[time-nuts] establishing your position w/o gps

Neville Michie namichie at gmail.com
Wed Jan 25 08:34:02 EST 2012

Finding your location without GPS is not all that difficult.
You need a quality theodolite, but even an ordinary one will read to  
1 second of arc.
You observe circumpolar stars at night to obtain a true azimuth.  
(North and South)
and also the latitude by the inclination of the pole.
On a time photograph these stars draw circles around the pole, the  
centre of the circle
is the celestial pole and its elevation above the horizon gives the  
You can also use an almanac and a calendar to determine your latitude  
by observing stars
with the theodolite.
You observe the sun at noon to find the local time and set your local  
clock. You then
wait for an event like an eclipse of a planets moons to establish the  
between your local time and the time at a known site.
A theodolite has a telescope that can be "plunged" i.e. used upside  
down and this
technique is used to get a very accurate level from a striding level.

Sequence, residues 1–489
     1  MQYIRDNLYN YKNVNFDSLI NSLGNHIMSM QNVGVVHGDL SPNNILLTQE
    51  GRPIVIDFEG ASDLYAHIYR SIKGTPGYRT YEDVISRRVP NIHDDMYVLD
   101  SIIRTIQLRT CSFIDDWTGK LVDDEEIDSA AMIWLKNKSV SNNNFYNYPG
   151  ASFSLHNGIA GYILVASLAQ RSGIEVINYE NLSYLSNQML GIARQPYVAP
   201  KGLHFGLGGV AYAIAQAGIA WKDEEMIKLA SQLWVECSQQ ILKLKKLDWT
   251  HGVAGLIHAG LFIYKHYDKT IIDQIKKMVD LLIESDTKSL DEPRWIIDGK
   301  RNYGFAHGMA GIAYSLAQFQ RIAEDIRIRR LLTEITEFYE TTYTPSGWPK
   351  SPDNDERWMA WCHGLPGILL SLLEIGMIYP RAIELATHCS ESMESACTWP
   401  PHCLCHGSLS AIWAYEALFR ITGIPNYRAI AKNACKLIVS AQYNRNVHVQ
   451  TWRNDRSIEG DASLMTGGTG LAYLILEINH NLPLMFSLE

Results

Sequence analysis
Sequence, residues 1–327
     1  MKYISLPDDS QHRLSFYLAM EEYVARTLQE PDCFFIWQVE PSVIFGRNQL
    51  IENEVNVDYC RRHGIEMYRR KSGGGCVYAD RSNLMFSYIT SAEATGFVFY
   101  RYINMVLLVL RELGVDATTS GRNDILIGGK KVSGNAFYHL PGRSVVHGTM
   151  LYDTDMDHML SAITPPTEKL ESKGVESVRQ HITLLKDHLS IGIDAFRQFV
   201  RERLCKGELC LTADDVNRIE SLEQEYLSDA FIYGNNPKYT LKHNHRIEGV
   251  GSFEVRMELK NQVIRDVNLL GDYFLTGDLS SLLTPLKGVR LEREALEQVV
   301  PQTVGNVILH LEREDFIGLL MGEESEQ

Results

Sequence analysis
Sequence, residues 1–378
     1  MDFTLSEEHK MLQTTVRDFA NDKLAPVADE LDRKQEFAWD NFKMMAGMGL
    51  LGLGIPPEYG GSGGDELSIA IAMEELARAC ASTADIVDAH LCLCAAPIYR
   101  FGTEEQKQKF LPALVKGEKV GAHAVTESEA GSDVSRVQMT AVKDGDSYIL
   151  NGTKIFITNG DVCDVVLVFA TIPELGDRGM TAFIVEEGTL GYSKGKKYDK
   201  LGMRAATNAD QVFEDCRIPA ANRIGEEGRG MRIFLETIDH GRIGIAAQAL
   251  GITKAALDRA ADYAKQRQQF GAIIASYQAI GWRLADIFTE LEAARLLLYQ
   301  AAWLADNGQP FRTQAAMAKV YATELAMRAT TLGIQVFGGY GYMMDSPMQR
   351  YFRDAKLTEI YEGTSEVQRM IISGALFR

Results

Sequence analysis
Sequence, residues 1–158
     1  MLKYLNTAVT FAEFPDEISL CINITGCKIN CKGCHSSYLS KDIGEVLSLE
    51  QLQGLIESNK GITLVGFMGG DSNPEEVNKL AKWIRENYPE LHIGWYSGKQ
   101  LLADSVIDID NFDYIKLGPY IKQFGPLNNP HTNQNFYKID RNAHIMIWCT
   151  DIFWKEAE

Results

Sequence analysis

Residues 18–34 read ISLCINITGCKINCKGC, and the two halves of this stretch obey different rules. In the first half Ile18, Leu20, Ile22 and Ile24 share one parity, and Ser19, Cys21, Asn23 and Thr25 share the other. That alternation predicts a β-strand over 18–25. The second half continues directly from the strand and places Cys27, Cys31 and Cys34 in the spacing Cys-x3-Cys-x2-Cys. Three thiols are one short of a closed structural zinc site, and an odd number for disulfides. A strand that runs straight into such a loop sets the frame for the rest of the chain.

No pool of mercury
is needed.
The setting up of a theodolite uses sitings  and reversed sitings to  
set the vertical level.
The main error is the atmospheric refraction which scatters  
individual observations,
so many repeated observations are needed. The local time observations  
need to be
repeated for good accuracy.
A sextant is a less accurate instrument that has the main redeeming  
feature that when
reading it you superimpose the image of a star or the sun with the  
image of the horizon.
Although the image seen may be rolling around, the position of the  
sun on the horizon
is rock steady and is adjusted by the thimble for coincidence. The  
elevation is then
read off the vernier. A theodolite needs a solid base to work from  
and would be useless
on a ship.
Neville Michie

On 25/01/2012, at 12:52 PM, Jim Lux wrote:

> On 1/24/12 3:19 PM, J. Forster wrote:
>> Is the USNO almana/ephemeris still published in hard copy every  
>> year? That
>> had moon timing, etc.
> You can download pieces from the Astronomical Applications website  
> at USNO.
> Or you can buy a copy of the Nautical Almanac for about $20 from a  
> variety of sources.  You could also download the pdf (but printing  
> it would cost you more than the $20)..
> Amazon has it, for instance.
> http://www.usno.navy.mil/USNO/astronomical-applications/ 
> publications/naut-almanac
> will find it, but the GPO version is more expensive than the  
> commercial versions..
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